Rwanda's latest comic book, Kami, has got many talking after its release on Tuesday, August 13. Social media comments like “Kami comic strip is truly captivating!”, “ You got have to tell your kids about how you read the first issue of the first Rwandan comic magazine,” among many others, flooded timelines in upon the release of the book.
This is the second book by the author, Mika Twizerimana Hirwa , after “Simbi The Inventor”, which he released in 2016. Kami is currently freely available online, although hard copies will be charged and provided on request.
In an interview with The New Times, Hirwa revealed that he drew book’s inspiration from the need to want to break the African norms that some things have always been and will remain in a particular order. He is also looking forward to whip up the stunted reading culture in Rwanda.
“In Africa, we tend to be trapped in some customs where you are told that things have been this way or that way ever since”, he said.
The book's cover, illustrated by Mika Hirwa.
He added that he wants this book to be a breakaway from people’s comfort zone to chasing their dreams, especially for the young ones.
His journey as a comic book writer
Hirwa shared that he started reading comic books at an early age until he was 15 years old. At that time, the scantiness of Rwandan comic books pestered him. In 2014, a report made by Save the Children on literacy showed that only 21% of students had comic books and most of them were from abroad.
“I then decided I was going to be a comic book author, no matter what”, he attested.
Now aged 22, Hirwa has worked with USAID Rwanda, Rwanda Education Board, Imagine We, Ducere Australia foundation, New Faces New Voices Rwanda and others on several projects such as ZUBA, That Child Is Me, Escape to a strange place, among many.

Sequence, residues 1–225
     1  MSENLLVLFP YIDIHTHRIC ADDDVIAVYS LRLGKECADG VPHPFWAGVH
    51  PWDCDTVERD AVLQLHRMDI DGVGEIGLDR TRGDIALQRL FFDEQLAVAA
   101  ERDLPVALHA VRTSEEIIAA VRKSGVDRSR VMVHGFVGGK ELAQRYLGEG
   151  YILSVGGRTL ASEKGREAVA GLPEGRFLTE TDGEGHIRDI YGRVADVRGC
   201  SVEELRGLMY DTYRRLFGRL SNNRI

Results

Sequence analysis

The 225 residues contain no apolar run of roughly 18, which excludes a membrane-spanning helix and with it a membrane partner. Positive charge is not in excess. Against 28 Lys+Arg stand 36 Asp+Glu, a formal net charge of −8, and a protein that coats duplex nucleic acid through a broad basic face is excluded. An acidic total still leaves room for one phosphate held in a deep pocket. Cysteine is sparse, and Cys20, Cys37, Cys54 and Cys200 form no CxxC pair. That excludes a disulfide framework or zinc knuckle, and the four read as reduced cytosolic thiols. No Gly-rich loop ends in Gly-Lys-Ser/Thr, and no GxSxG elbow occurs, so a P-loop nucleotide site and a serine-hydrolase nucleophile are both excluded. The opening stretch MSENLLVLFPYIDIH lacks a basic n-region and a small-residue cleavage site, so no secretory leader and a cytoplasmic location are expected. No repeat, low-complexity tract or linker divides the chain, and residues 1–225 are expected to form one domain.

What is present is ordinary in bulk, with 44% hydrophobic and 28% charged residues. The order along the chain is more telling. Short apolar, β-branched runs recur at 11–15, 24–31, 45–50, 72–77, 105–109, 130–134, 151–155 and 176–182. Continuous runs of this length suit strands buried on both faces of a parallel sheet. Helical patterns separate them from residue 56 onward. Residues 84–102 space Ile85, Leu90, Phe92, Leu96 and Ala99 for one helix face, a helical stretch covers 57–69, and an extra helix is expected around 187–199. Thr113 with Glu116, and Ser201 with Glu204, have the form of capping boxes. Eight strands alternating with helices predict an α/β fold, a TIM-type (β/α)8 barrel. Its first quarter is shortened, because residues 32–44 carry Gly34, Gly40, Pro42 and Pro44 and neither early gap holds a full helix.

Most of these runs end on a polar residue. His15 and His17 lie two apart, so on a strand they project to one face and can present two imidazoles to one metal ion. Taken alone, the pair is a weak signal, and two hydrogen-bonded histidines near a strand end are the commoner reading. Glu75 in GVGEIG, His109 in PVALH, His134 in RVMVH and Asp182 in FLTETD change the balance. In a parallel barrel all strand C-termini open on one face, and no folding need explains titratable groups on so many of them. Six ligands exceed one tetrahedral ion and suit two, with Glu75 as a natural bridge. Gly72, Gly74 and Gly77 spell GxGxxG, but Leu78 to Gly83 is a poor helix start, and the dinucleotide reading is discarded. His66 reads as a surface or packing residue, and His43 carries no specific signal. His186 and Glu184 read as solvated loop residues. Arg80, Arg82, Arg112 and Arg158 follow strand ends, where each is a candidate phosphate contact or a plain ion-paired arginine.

Hirwa is also known for his illustration depicting Cyamatare, who was a Rwandan King (1477-1510) and one of the best warriors in his time. The outgoing dreadlocked artist came up with the idea due to the scarcity of illustrations of ancient Rwandan heroes and kings.
Apart from his work, he enjoys and spends the rest of his time skateboarding, cooking and hanging out with friends.
Ever since he started his career, he has faced many challenges, but one that trumps them all is being underfunded. “I have to use my pocket money from side hustles”, he revealed.
On a broader scale, Hirwa wishes to be a source of inspiration to other people who want to indulge in doing things out of the ordinary within their communities and help in nurturing the reading culture among Rwandans. He advises Rwandan youth to read a lot, “for the books contain all the knowledge, and knowledge is power.”
He added: “ I am grateful to the people who are expressing their interest in reading Kami and I am also cooking something having ties with the culture.”, “It will come after Kami.”